Camera's "meter" (read light) by sampling areas within your camera's frame and deciding what settings will, on average, bring everything back to a mid-grey. This generally works pretty well, but a camera's internal light meter tends to "make mistakes" when you are taking pictures with extremely bright or dark areas or if there is a lot of white or black in your photos.
How to adjust the bright/shade problem in photos is a topic for another week. The other problem you run into is when you are dealing with mostly white or mostly black photos. It is not surprising that, with the camera's light meter trying to make everything mid-grey, photos with lots of white or lots of black will tend to look grey if you take your photo with the exposure settings that the camera suggests.
Yesterday I took a walk in the forest and took a lot of photos of the fresh snow. Perfect opportunity to take some picture to show you how to think for your camera when photographing whites and blacks.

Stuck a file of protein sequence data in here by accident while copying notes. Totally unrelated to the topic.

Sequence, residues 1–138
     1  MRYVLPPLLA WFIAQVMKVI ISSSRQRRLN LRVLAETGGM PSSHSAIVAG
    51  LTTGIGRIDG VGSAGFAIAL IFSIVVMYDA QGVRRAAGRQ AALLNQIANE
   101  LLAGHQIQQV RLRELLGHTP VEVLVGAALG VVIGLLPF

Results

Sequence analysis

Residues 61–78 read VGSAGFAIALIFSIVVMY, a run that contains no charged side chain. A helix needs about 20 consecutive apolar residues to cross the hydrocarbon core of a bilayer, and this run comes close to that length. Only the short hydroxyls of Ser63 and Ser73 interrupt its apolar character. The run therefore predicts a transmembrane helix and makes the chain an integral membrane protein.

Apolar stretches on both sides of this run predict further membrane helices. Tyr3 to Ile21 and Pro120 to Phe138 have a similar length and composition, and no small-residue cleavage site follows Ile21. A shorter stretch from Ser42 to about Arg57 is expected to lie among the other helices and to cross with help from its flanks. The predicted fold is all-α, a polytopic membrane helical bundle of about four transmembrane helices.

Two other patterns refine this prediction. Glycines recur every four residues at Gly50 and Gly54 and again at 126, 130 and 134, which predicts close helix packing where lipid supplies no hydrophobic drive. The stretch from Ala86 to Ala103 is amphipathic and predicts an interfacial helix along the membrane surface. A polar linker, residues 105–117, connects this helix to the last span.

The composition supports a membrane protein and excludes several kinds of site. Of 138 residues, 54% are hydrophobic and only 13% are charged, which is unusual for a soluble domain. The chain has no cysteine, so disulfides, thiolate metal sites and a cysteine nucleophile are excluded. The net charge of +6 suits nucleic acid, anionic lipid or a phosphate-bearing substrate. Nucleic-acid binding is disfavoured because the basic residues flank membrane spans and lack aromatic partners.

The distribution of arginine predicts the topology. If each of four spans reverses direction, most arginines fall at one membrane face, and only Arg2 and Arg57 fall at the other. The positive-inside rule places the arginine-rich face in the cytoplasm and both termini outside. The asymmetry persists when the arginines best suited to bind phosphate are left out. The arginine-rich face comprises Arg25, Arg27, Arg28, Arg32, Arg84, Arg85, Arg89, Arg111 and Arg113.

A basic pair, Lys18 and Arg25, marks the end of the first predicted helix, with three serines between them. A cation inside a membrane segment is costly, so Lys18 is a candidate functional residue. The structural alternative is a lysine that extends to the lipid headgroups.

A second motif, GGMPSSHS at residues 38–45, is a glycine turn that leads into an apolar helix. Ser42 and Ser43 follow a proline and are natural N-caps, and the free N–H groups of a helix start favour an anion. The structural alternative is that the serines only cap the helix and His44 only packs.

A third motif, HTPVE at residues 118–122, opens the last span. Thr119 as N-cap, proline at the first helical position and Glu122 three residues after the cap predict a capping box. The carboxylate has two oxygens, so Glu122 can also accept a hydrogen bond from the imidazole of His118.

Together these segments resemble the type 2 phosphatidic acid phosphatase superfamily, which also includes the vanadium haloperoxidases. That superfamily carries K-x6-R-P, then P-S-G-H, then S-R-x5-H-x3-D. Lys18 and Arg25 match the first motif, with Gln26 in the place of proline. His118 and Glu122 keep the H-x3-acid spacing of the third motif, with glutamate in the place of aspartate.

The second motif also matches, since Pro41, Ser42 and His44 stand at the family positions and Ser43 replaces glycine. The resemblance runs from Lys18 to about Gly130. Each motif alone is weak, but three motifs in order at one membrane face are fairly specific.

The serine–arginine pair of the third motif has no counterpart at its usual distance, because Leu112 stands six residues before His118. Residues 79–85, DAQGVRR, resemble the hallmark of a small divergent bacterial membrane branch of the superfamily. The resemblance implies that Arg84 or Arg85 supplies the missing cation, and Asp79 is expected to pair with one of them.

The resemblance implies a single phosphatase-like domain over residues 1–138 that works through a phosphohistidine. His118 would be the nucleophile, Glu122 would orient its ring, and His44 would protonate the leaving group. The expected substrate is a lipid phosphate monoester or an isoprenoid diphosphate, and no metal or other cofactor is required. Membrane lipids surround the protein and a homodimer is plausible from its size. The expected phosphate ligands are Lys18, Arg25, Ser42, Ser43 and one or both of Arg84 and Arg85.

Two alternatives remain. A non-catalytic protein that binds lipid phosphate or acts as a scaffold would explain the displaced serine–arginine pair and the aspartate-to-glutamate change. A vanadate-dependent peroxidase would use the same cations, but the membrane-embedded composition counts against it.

The same concept applies for photos mostly of black. The camera slightly over-exposes black to try to bring the tones back to mid-grey. If we trick the camera by under-exposing the image slightly our blacks will be true black.
But how much should we over or under expose in normal conditions? Well that depends on the photograph and what you want to be correctly exposed. White and Black tend to need around 2 stops over or under exposure to get the correct colour. Mid-green, red and mid-blue will generally be correctly exposed at the "true exposure reading". Colours brigher than red (yellow, orange, skin tones) will need anywhere between +0.5 and +2 stops and darker colours will fall somewhere between -0.5 and -2.0
Metering using an external light meter, or grey-scale card is a much more accurate way of correctly exposing a shot, but the loose rule-of-thumb above will take your photos a long way. If it doesn't work out you can always change your settings and take another photo.
Intentionally over or under-exposing your photos is possible in all modes on your dSLR cameras, some bridge cameras and even some point-and-shoot cameras (although it is by far the easiest to manipulate when you use manual mode).